Loopholes and law violations cause huge growth in bear farms in Lao PDR
Livingstone, E., & Shepherd, C. R. (2016). Bear farms in Lao PDR expand illegally and fail to conserve wild bears. Oryx, 50(01), 176–184.
This study examines the growth and prevalence of bear farms in Lao PDR, and explores the blatant violation of laws that should protect bears from bile extraction, harvesting of bear parts and illegal trade. It also discusses the market value of commercial bile in comparison to wild bile values.
The paper began by reviewing the negative impacts that bear trading has had on the Asian bear population. The demand for bear products for medical purposes from sun bear and black bear species has resulted in increased international trade to countries such as China, Thailand and Vietnam. This has caused wild bear populations to decline rapidly, resulting in both species being labelled as Vulnerable by the IUCN. The authors discussed the process of bile extraction and how commercial bile (extracted from captive bears) is increasing in popularity compared to that of the illegal, but traditional, wild bile which is extracted from hunted bears in the wild.
The authors examined government records and documents to determine the number of bears that resided in farms throughout Lao PDR. Through visiting five of these farms, they were able to evaluate whether these bears were previously wild, if there were any signs that they were being kept for breeding purposes and whether the facilities possessed the necessary government documents to keep these bears for commercial purposes in the first place.
Captive bears numbers have almost tripled
It was found that there were 122 captive bears in Lao PDR in 2012, almost triple the amount recorded in 2009. Nine of eleven known facilities were extracting bear bile for commercial purposes, but none appeared to be breeding bears. This suggests that bears were taken from the wild, or imported illegally from other countries. If this is the case then commercial bear farms are in fact operating illegally, as legislation states bears must be second generation stock, not wild caught.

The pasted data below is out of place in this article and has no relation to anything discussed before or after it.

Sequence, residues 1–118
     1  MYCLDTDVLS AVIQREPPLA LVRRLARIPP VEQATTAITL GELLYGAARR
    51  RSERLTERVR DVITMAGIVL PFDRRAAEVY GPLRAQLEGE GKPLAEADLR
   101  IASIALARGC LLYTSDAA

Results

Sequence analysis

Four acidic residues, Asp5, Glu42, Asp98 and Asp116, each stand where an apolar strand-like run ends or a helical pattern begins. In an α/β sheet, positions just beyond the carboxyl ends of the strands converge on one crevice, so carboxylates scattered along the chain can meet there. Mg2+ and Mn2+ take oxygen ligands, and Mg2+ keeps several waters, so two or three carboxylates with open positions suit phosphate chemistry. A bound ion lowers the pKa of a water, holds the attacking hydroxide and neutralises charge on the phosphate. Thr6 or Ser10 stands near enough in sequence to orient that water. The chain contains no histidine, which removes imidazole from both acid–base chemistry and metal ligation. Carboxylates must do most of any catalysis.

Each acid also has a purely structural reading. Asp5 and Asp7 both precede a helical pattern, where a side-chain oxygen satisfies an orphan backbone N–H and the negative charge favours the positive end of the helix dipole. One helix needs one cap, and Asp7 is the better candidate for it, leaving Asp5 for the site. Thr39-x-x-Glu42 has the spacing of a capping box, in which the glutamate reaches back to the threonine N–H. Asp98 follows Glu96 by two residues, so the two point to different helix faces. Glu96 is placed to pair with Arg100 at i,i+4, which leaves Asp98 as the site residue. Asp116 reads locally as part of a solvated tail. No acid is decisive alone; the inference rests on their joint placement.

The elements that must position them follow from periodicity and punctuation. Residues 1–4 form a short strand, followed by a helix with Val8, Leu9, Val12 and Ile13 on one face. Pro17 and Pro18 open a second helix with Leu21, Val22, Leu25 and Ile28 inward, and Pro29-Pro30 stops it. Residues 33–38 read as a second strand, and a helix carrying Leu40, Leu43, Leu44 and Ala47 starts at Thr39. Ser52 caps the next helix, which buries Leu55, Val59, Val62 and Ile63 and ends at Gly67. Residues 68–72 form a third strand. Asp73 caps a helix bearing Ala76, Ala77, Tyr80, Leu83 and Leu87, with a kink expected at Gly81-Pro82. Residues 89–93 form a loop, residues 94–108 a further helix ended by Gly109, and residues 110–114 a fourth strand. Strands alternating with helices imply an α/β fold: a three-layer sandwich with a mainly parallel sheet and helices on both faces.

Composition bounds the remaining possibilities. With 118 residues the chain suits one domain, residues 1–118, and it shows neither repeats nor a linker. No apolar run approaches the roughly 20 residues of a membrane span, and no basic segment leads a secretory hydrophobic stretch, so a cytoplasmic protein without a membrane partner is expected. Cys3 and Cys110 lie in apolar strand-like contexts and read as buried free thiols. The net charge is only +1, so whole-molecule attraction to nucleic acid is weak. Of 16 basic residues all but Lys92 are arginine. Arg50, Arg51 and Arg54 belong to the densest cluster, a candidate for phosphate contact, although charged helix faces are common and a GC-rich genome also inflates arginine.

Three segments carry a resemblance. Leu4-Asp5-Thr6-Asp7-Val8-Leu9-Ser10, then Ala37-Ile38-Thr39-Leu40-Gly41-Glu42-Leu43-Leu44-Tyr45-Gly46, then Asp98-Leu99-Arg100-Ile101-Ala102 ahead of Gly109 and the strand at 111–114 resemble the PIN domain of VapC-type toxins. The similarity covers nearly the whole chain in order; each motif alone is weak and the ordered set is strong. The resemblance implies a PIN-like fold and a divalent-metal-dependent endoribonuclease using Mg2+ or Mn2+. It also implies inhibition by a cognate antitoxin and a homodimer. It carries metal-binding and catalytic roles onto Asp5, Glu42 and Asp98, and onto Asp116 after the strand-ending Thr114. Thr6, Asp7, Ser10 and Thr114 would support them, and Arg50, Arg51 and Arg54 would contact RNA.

The study concluded by discussing the potential consequences of the bear bile industry, stating that as the industry continues to expand and sell bile at affordable prices, the demand will increase but there is a risk it may lead consumers to seek more “valuable” and traditional wild products. With the illegal capture, poaching and trade of bears and bear products having little chance of being punished, financial gain is a big incentive and will push hunting of wild bears to continue. Therefore, unless regulations and enforcement of legislation improves, the Asian bear populations will decrease further.
World Animal Protection’s view
This study highlights the need for stricter monitoring and enforcement of laws which should protect bears from a lifetime of suffering in captivity for bear bile extraction and other products. We believe the bear bile industry causes intense, unjustified suffering to bears across Asia and we work with local organisations and governments to put an end to this completely unnecessary industry.